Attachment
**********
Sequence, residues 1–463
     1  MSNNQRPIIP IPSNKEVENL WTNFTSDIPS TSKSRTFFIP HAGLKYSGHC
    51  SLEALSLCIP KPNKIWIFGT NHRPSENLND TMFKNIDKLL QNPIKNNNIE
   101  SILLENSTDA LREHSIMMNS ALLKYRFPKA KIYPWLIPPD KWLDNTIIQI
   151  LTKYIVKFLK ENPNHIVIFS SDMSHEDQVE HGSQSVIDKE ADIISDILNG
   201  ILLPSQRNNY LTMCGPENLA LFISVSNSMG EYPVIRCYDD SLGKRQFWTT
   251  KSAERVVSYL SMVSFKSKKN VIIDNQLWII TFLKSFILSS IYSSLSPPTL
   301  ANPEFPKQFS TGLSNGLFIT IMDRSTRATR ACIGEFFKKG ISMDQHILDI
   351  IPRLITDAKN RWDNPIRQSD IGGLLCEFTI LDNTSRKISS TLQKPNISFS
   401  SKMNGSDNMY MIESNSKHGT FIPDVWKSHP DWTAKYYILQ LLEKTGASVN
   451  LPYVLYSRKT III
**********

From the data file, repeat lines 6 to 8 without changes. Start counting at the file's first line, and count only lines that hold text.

   201  ILLPSQRNNY LTMCGPENLA LFISVSNSMG EYPVIRCYDD SLGKRQFWTT
   251  KSAERVVSYL SMVSFKSKKN VIIDNQLWII TFLKSFILSS IYSSLSPPTL
   301  ANPEFPKQFS TGLSNGLFIT IMDRSTRATR ACIGEFFKKG ISMDQHILDI